Why the United States ....

Pakistan Observer - - INTERNATIONAL -

Pak­istan too needs a strong re­la­tion­ship with the US. True, it has very strong ties with China, but it re­la­tions with both the coun­tries are not mu­tu­ally ex­clu­sive. We should learn from China, which has demon­strated that you can have dif­fer­ences with the United States and yet it would pur­sue a strong strate­gic and eco­nomic di­a­logue to pro­mote in­ter­de­pen­dence and win-win co­op­er­a­tion. Pak­istan’s for­eign pol­icy, or for that mat­ter of any ma­ture na­tion, is all about bal­ance. China also wants that Pak­istan’s re­la­tions with the US should be sta­ble and it should con­tinue to ex­plore peace with In­dia (and of course In­dia should en­gage with us).

Pak­istan and the US have de­cided to “ex­pand the bi­lat­eral re­la­tion­ship in ar­eas out­side the tra­di­tional se­cu­rity realm” to “trade and in­vest­ment; ed­u­ca­tion, science and tech­nol­ogy; clean, ef­fi­cient and af­ford­able en­ergy; ef­forts to counter cli­mate change; eco­nomic growth; re­gional in­te­gra­tion .... ” Progress in all these ar­eas is pri­mar­ily in Pak­istan’s in­ter­est.

For the mod­ern­iza­tion of Pak­istan’s econ­omy as well as for ac­cess to ad­vanced tech­nolo­gies, we should con­tinue to benefit from the US-led west­ern world. It goes with­out say­ing that the US does have in­flu­ence with the international fi­nan­cial in­sti­tu­tions and Pak­istan would rely on their support for some time to come. Our chambers of com­merce and in­dus­try con­tinue to work closely be­cause Pak­istan re­quires to be on a fast learn­ing curve in re­gard to net­work­ing for en­hanc­ing trade and en­tre­pre­neur­ial op­por­tu­ni­ties. The US is a fa­cil­i­ta­tor for Pak­istan’s par­tic­i­pa­tion in the Global Con­nect Ini­tia­tive to use to the In­ter­net more pro­duc­tively. Be­sides, our ex­po­sure to the US would also en­able us to cre­ate more “Smart Uni­ver­si­ties” through en­hanced Wi-Fi broad ac­cess.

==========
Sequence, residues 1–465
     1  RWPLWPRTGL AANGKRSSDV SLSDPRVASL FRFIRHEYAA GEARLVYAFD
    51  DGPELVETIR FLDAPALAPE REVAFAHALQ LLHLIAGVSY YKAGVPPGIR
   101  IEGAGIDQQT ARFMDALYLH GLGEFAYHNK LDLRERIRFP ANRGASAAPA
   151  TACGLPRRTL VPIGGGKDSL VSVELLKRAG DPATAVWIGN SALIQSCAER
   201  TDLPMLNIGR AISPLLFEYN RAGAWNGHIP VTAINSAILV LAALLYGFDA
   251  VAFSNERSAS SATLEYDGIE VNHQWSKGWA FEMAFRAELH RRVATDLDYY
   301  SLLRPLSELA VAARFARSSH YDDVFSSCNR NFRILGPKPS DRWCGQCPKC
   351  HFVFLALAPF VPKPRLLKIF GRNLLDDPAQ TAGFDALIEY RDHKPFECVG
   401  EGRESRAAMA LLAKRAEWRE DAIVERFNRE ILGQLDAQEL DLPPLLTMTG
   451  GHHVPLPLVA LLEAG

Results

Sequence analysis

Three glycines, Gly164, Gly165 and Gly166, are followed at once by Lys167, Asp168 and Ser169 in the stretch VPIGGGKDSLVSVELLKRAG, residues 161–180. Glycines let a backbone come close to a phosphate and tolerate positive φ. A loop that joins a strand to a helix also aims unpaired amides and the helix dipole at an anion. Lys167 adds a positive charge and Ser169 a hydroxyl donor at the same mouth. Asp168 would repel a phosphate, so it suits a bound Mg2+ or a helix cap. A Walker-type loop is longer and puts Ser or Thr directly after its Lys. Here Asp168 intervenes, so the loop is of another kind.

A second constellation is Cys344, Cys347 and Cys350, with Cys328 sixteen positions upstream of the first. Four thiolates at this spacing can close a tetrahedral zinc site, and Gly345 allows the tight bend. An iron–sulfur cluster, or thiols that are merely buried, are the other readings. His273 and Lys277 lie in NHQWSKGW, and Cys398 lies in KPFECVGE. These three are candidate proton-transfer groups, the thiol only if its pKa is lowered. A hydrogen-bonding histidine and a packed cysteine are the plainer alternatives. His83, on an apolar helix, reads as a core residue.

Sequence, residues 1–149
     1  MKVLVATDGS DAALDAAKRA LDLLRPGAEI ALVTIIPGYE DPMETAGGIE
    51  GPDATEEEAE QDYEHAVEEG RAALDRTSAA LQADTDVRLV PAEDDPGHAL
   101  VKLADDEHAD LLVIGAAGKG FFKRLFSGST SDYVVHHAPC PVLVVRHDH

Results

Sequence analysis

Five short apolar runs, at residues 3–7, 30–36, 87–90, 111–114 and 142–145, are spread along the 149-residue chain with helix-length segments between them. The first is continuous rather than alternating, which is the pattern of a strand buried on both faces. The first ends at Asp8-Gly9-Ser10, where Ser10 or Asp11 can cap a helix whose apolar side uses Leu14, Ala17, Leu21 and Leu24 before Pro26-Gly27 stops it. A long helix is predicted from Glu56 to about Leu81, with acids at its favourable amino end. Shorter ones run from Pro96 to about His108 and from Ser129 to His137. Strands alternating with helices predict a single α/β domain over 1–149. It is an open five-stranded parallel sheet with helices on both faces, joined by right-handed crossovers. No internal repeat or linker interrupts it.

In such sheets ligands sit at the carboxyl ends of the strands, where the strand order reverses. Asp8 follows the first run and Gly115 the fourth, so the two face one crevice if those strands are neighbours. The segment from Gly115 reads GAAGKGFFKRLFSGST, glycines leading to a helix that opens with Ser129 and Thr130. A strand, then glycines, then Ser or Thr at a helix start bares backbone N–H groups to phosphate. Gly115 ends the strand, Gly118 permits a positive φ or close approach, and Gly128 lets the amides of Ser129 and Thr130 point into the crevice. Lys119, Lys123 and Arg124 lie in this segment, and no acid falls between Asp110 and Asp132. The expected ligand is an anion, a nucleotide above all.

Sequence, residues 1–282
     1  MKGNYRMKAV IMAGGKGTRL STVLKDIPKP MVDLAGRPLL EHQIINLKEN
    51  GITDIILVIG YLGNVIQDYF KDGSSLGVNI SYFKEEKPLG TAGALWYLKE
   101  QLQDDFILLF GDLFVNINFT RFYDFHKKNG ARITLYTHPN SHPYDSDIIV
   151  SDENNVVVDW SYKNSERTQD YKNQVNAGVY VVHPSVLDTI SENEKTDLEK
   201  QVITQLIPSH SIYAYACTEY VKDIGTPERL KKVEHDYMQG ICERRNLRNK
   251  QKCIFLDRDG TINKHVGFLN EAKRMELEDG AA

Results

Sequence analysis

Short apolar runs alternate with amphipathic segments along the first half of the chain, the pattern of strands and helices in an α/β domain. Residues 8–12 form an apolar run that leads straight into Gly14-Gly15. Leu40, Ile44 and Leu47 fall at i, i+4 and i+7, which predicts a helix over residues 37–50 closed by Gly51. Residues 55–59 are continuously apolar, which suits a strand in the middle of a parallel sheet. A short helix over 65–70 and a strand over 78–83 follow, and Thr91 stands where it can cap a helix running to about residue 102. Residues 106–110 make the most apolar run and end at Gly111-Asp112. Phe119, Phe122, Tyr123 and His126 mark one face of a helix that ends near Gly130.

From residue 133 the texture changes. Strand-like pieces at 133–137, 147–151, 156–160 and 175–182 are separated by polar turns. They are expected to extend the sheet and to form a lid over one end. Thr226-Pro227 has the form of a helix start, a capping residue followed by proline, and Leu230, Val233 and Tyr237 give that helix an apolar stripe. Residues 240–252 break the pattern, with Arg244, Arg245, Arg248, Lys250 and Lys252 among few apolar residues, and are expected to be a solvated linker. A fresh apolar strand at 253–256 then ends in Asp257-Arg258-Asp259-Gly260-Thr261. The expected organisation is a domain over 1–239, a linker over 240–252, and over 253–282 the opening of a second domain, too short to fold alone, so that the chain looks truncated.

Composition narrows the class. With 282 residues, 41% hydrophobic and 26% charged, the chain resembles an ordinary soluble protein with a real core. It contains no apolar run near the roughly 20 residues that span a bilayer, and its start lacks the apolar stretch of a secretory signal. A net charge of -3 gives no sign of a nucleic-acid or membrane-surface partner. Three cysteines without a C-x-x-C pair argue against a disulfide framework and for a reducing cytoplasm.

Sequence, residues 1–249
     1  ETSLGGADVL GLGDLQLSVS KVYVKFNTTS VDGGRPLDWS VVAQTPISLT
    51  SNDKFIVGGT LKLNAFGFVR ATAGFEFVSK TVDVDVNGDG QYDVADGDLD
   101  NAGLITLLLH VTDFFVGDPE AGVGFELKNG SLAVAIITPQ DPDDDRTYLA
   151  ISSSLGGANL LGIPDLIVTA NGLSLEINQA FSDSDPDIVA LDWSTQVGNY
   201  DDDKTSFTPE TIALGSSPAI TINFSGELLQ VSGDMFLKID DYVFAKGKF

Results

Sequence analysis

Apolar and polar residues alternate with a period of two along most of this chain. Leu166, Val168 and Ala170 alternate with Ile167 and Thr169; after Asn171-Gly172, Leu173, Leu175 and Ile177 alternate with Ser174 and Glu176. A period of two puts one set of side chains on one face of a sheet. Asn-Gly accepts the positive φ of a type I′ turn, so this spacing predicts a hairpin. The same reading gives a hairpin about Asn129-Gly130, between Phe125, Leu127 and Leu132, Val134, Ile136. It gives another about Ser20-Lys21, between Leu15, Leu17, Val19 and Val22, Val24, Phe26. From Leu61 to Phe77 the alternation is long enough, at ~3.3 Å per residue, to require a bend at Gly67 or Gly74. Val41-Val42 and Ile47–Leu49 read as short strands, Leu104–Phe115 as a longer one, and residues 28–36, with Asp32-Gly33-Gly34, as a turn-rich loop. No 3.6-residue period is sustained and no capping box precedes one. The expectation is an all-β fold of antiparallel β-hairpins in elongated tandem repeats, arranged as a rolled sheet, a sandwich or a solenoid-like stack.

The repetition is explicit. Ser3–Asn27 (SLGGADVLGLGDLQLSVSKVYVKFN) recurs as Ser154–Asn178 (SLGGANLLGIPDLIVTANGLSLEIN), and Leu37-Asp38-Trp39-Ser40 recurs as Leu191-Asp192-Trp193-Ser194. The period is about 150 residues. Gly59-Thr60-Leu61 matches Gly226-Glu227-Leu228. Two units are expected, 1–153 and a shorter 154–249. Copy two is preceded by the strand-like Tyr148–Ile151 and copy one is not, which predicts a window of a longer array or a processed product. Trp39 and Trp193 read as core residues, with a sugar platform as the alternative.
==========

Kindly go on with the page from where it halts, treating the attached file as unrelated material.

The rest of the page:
To launch a knowl­edge econ­omy, thou­sands of Pak­istani grad­u­ates should be en­rolling in Amer­i­can and West­ern uni­ver­si­ties for doc­toral and post­doc­toral stud­ies es­pe­cially. Our Vi­sion 2025 and the USPak­istan Knowl­edge Cor­ri­dor cre­ate that in­ter­face, but the scale of our col­lab­o­ra­tion is mea­gre. As we re­al­ize our am­bi­tion to take our econ­omy to a higher level, we must se­cure place­ment in the core dis­ci­plines of science, tech­nol­ogy, en­gi­neer­ing and math­e­mat­ics (STEM).

In the com­ing years, the US-Pak­istan re­la­tions will al­ways re­main vul­ner­a­ble be­cause of he enor­mous in­flu­ence in Wash­ing­ton of the 3.5 mil­lion strong In­dian Amer­i­can com­mu­nity, whose mem­bers have moved into key po­si­tions in the Ad­min­is­tra­tion, Congress, fi­nan­cial in­sti­tu­tions and think tanks. Pak­istan too has a po­ten­tial equal­izer, al­beit asym­met­ric, in its pros­per­ous and well placed di­as­pora com­mu­nity, whose num­ber may range be­tween 700,000 to 1 mil­lion. This as­set needs to be de­vel­oped. China, In­dia, Is­rael and many Euro­pean coun­tries have demon­strated how their com­mu­ni­ties’ strengths can be lever­aged. Thank­fully, the US sys­tem is open to such ac­tiv­ity which is con­sid­ered quite le­git­i­mate un­der its con­sti­tu­tion, laws and po­lit­i­cal sys­tem.

No mat­ter what we say, the US-In­dia and the US-Pak­istan re­la­tion­ship has been a zero sum game, 1995 on­ward. Since then, In­dia’s gain has been Pak­istan’s loss. And now In­dia’s clout in Wash­ing­ton is un­prece­dented, sec­ond only to Is­rael’s. Pak­istan needn’t be daunted by this chal­lenge. It too has its own niche which can be de­vel­oped with in­ge­nu­ity. The US, for its part, should con­duct a re­view to as­sess the in­tended and un­in­tended con­se­quences of its pol­icy and pos­ture to­wards Pak­istan. — (The writer is for­mer Am­bas­sador to the UN and China. He also worked in Pak­istan Em­bassy in Wash­ing­ton from 1997 to 2002)

PESHAWAR: Traf­fic of­fi­cial dis­play­ing the il­le­gal num­ber plates be­fore me­dia.

Newspapers in English

Newspapers from Pakistan

© PressReader. All rights reserved.